RICHLAND – Two Hanford workers were sent to the hospital around noon Thursday as a precaution after developing respiratory symptoms that might be linked to chemical vapors from underground waste tanks.
About an hour earlier, two other workers smelled vapors and were sent to be checked out by the Hanford occupational medical provider.
The two workers sent to Kadlec Regional Medical Center in Richland with nose and throat irritation were doing routine radiological surveillance at the group of tanks called the BY Tank Farm.
They were the only workers there, said John Britton, spokesman for Department of Energy contractor Washington River Protection Solutions.
The other workers, who smelled vapors, were at the C Tank Farm, where work is underway to empty waste from single-shell tanks into newer double-shell tanks until it can be treated for disposal.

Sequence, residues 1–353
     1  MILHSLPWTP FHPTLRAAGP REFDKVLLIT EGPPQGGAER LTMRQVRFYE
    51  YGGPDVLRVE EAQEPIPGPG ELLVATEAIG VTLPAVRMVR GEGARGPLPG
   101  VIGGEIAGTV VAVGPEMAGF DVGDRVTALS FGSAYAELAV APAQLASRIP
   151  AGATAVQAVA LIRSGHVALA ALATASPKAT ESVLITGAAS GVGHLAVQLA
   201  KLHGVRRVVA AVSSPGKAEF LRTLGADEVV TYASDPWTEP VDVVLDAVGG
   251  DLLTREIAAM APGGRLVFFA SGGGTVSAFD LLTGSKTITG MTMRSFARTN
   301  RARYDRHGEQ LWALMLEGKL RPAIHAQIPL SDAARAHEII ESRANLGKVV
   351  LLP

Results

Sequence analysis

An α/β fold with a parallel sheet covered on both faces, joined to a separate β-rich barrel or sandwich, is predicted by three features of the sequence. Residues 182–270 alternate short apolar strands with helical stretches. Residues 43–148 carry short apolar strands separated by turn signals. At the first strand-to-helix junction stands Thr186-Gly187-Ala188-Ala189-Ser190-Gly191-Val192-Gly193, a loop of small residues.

C Tank Farm was evacuated and workers were instructed to stay upwind.
Restrictions at the BY Tank Farm, where a dozen 758,000-gallon tanks hold waste, were lifted about 4 p.m. However, access continued to be restricted at the C Tank Farm at the end of the day shift Thursday. It has seven tanks that still hold waste.
Hanford’s underground tanks vent chemical vapors to the atmosphere.
A windless Thursday morning helped to limit dispersal of the vapors, Britton said.
Tank farms are evacuated when workers smell the vapors, Britton said.